I know how vexing and charged the topic of getting your teen to talk and open up is because I have a teen and tween of my own. Staying close to your child and tuned into their world is a much more delicate balance than it once was. When once your child would get in the car and tell you all about their friends, what they have for homework that night and anything random that might have popped into their head, they now tell you they need their privacy and don’t really want to share with you. It can feel both hurtful and disappointing. I love the analogy Dr. Lisa Demour, author of the book Untangled uses to describe the change in the relationship, she says, “In your child’s teen years you are now a brussel sprout, when once you were a jellybean.” I don’t know about you, but I really miss the jellybean days!
Talking to your teen now requires an understanding of the developmental stage that they are going through, what they need from you as a parent/caregiver and some strategies to help them open up and share. The “do it because I said so” approach to parenting is no longer an option, it just backfires. By testing out a few new strategies you may find the door to conversations crack open again and possibly more often.
Staying calm is easier said than done! If what you really want is a child that trusts, respects, and confides in you it is essential that you do not respond out of anger by yelling, using putdowns, expressing disappointment or frustration.
You must remember that you are the adult and have more experience self-soothing and calming yourself by doing such things as taking a break or using breathing to regulation your emotional state. If you respond in a reactive state your child will feel attacked which will induce a fight or flight response in your child.
When you do respond, start with empathy (even if it does not seem rational at the time) and validate their feelings and desires so your teen knows that you hear, see, and understand them. Empathy might sound like starting a conversation with, “Wow, it sounds like you were feeling nervous about the test” when you learn that your teen cheated on a test, instead of “I cannot believe you did that!” It’s important to connect before you say or do anything else because if you don't, you are putting them on the defensive and they won’t be open to hearing what you have to say or problem solving with you. This type of reaction will guarantee that your child will not only withdraw from conversations with you, but also not feel safe to share personal things in fear of rejection or punishment.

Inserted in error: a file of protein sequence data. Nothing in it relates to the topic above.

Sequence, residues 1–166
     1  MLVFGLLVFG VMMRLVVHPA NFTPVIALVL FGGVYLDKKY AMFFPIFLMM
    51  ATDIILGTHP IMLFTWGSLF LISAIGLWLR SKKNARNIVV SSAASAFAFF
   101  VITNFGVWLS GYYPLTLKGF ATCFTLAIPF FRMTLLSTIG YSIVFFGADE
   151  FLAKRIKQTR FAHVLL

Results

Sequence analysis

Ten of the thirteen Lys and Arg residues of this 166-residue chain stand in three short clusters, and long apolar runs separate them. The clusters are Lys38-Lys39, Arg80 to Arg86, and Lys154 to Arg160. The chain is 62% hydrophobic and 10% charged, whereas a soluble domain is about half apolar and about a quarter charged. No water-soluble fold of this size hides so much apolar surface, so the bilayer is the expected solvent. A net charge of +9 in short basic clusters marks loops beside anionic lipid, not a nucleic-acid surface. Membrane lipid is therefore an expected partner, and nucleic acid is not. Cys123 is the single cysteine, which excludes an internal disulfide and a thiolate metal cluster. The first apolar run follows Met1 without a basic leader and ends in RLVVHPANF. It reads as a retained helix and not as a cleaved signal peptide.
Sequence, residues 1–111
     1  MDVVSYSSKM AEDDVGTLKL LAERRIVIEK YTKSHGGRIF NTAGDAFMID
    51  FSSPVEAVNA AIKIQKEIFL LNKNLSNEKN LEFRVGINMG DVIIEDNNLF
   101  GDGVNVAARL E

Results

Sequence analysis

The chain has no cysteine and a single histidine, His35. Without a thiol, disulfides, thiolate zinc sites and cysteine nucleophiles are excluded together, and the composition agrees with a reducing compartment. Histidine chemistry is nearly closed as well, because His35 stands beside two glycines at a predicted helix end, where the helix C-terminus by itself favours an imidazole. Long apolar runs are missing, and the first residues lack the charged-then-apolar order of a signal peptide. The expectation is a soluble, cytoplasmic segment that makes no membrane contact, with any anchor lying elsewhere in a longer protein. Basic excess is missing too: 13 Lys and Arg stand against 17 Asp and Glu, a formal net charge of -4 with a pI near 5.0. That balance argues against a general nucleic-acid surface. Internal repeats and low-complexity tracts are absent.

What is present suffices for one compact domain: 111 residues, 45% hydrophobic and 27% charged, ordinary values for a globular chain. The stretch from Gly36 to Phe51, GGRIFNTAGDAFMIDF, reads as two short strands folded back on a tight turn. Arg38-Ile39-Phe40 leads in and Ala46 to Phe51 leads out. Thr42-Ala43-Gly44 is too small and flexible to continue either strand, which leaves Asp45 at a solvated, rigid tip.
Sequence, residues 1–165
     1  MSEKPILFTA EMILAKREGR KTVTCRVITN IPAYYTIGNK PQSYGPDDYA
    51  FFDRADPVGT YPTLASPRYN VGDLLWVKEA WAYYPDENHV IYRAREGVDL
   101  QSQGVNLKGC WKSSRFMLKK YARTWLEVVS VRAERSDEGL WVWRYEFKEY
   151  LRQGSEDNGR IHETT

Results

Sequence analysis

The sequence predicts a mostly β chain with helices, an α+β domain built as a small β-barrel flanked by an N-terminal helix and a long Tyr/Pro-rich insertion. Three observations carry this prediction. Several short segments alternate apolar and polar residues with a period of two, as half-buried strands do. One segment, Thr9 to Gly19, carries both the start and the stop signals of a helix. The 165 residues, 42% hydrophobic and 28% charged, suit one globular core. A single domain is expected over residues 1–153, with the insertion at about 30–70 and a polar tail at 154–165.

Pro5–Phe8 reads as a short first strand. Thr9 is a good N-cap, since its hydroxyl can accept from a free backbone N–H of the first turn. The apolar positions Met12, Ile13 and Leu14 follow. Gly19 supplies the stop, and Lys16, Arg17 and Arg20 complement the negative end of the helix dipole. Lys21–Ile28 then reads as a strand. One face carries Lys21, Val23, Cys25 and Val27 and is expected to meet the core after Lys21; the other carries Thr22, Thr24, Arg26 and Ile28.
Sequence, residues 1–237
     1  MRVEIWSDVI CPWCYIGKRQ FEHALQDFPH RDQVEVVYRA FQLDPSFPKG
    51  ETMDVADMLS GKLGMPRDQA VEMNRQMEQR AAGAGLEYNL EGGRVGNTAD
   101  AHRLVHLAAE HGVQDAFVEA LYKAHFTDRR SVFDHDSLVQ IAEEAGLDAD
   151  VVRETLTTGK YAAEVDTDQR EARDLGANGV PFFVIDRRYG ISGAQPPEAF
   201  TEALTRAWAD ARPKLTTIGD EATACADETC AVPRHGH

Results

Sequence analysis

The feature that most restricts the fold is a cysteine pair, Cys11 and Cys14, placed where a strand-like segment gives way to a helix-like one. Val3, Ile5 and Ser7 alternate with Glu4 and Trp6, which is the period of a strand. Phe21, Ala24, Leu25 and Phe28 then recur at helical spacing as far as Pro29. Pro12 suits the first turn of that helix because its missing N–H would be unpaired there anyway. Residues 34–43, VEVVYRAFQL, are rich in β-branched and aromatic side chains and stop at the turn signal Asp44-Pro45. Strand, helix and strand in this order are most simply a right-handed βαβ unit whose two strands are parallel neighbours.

Sometimes the best way to start a conversation with your teen is to actually say nothing. Crazy, huh? Even though it can be hard to zip your lip, do not interview your child the minute you see them. Stay present and wait until they open the door to dialogue. Asking direct questions often will create a pressure to share and make your teen withdraw and possibly shut you out. It is much more effective to sit back and be ready to listen. Many people, like myself, have a hard time not filling dead air. But the payoff can be huge. Things may come up that you may have never considered, so follow their lead.
When your teen does start to talk, use your active listening skills and reflect or paraphrase what they are sharing and empathize with how they might be feeling. This will let them know that you hear and understand them. And if they share something that is shocking or alarming focus on staying calm and regulating your emotional reaction and simply nod your head while thanking them for sharing. (You will probably need time to process the new information, calm down, and come up with a response that will keep the door open to more dialogue on the topic.)
ASK CURIOSITY QUESTIONS
Sometimes it can feel like you have to tiptoe around your teen to get them to share with you. When you do feel the need to explore, be mindful of what and how you ask questions. Asking in a way that feels safe and not perceived as threatening is essential to getting your teen to talk. Using curiosity questions gently opens the door to conversation without putting your teen on the defensive.
If a teen has not done their homework most parents typically ask, “Did you get your homework done?” Instead, try using a curiosity question that might sound like, “So, what is your plan for getting homework done tonight?’ This communicates faith in your teen’s ability to complete homework and be responsible and allows them to reflect on what they need to do and how they will do it.
An alternative curiosity question might be, “Is there anything I can do to be helpful so that you get your homework done before 10PM tonight?” If they are unsure, it is more likely they will ask for help when you start with a curiosity question. You could also follow up with, “Is there anything I can do to be helpful so that you get your homework done before 10 PM?” If they are unsure, it is more likely they will ask for help.
Talking to teens is no easy task! There is no way to completely eliminate the “eye rolling”, slamming doors, or stomping off in a huff. But being mindful of how you approach dialogue with your teen by employing listening, connecting and questioning skills (+ a whole lot of patience of course) you will increase the likelihood that they open up and share their world with you and come to you with some of the challenges they face.
This article was originally written for The Committee For Children Blog